Lives of the fellows

Merton Sandler

b.28 March 1926 d.24 August 2014
MB ChB Manch(1949) MRCP(1955) MD(1962) MRCPath(1963) FRCPath(1970) FRCP(1974)

Merton Sandler was professor of chemical pathology at the Institute of Obstetrics and Gynaecology, University of London, and a pioneer in the field of biological psychiatry. He discovered a link between depression and a deficiency in monoamine neurotransmitters in the brain, which eventually led to the development of modern-day antidepressants. He also produced seminal work on the chemical causes and treatment of an unusually broad range of other conditions, including Parkinsonism, alcoholism, migraine and schizophrenia

Merton Sandler was born in Salford, into an observant Jewish family. His father, Frank Sandler, owned a small business; his mother was Edith Sandler née Stein. Although most were of modest means, the Jewish community had a deeply-ingrained learning tradition, coupled with the recent immigrant’s drive. Sandler’s class alone at Grecian Street Elementary School yielded four Jewish university professors. His big break was gaining a scholarship to Manchester Grammar School – which he loathed. He went on to study medicine at Manchester University, qualifying in 1949.

He held house posts in Manchester and was then a resident pathologist at Preston Royal Infirmary. From 1951 to 1953 he carried out his National Service, as a junior specialist in pathology. He then went to the Brompton Hospital as a research assistant. From 1955 he was a lecturer in chemical pathology at the Royal Free Hospital School of Medicine. Three years later, he became a consultant in chemical pathology at Queen Charlotte’s Maternity Hospital, and, from 1973, he was professor of chemical pathology at the Institute of Obstetrics and Gynaecology.

In 1959, at a time when most psychiatry was psychoanalytic, Sandler and his colleague, the psychiatrist Michael Pare [Munk’s Roll, Vol.XII, web], first suggested depression might result from a deficit of monoamines, such as serotonin, noradrenaline and dopamine. When the researchers blocked monoamine oxidase, which is responsible for the breakdown of these monoamines, they were able to show an improvement in mood. Sandler pursued the monoamine oxidase story for the rest of his working life, discovering, amongst other things, a safe, effective treatment for Parkinson’s disease in the substance deprenyl – a drug still widely in use today.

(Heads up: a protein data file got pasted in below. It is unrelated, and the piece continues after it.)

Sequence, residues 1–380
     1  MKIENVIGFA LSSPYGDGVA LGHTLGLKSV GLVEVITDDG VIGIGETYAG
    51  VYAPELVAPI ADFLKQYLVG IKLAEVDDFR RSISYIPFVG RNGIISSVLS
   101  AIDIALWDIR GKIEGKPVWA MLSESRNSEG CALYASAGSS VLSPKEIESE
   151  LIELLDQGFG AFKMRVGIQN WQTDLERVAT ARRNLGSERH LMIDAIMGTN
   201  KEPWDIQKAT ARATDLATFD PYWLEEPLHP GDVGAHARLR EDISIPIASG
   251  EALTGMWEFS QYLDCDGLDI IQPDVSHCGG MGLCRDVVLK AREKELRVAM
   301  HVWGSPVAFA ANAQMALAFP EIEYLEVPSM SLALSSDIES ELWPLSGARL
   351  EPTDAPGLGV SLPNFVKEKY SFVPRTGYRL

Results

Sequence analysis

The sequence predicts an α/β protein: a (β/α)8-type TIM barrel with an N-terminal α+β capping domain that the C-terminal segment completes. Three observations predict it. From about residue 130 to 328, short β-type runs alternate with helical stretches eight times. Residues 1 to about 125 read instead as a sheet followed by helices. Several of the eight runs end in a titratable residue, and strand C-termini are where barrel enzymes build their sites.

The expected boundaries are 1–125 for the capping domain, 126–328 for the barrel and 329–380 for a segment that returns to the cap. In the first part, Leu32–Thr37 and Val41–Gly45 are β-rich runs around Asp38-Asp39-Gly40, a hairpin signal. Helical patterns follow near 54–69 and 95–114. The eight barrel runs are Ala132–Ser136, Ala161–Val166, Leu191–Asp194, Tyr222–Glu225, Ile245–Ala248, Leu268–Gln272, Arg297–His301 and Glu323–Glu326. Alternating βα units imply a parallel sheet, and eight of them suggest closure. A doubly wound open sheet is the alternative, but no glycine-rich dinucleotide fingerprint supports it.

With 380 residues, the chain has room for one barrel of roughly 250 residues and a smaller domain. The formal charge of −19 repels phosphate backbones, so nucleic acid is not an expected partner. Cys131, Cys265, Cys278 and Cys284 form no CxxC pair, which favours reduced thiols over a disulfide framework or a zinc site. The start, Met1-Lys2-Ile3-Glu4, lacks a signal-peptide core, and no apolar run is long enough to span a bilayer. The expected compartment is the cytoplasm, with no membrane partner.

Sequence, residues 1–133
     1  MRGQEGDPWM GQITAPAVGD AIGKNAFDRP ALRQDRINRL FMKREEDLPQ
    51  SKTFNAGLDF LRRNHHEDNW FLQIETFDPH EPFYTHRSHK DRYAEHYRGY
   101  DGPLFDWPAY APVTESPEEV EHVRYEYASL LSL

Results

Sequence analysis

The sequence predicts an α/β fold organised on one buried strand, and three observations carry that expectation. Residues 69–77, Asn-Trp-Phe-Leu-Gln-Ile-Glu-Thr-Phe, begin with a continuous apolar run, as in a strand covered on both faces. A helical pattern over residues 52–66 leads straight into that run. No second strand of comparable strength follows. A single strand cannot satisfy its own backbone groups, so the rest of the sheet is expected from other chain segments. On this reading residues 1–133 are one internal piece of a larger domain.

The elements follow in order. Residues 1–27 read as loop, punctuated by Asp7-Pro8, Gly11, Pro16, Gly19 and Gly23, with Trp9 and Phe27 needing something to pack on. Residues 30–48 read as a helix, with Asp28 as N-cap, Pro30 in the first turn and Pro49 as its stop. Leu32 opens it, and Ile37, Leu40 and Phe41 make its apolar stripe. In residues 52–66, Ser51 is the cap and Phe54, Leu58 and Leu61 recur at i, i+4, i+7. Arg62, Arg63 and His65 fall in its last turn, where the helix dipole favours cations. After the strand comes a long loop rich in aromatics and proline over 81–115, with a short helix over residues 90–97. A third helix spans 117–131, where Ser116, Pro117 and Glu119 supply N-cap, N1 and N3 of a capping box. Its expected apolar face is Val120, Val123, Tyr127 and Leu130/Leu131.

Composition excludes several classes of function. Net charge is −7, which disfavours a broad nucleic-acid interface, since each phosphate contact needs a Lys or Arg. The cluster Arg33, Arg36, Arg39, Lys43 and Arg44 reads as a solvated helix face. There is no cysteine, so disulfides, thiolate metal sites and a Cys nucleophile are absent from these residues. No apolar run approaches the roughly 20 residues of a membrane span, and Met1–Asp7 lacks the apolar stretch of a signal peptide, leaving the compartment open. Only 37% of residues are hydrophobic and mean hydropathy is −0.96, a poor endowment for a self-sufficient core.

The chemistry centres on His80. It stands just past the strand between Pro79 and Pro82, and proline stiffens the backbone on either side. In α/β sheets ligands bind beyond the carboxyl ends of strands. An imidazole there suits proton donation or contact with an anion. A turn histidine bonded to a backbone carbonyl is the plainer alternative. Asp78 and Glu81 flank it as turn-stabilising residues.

As a scientist Sandler had a quirky, unorthodox approach. In the 1950s, during his freewheeling days as a young pathologist doing National Service in Shorncliffe on the south coast, he and Mike Pare accosted cross-channel swimmers for urine samples, for some research on platelets. At his research laboratory at Queen Charlotte’s Hospital in the 1970s, Sandler had his team down either vodka or cooled red wine at breakfast time, to test theories on migraine triggers. Sandler recalled smuggling a kilo of the white powdery substance deprenyl back from Hungary in his pockets. When he and his team went to publish ground-breaking work on the effect of the chemical on Parkinson’s disease, they had some serious questions to answer from the ethics committee. On another occasion, Sandler self-experimented, using the drug reserpine, which made him depressed, paranoid and aggressive for a month.

He also had adventures at Wormwood Scrubs Prison, where he persuaded the psychiatrist to allow access to violent psychopaths and white collar criminals, to test for different chemical levels in their brains. When Sandler’s team uncovered tribulin – a new compound specific to aggressive criminals – the press had a field day, and the Scrubs withdrew access. One evening Sandler was having a gripe to a young man at a dinner party about the matter, who turned out to be the then Minister for Transport, Norman Fowler. The minister promptly offered to speak to his friend the Home Secretary, and within six weeks he was once again allowed access to the prison.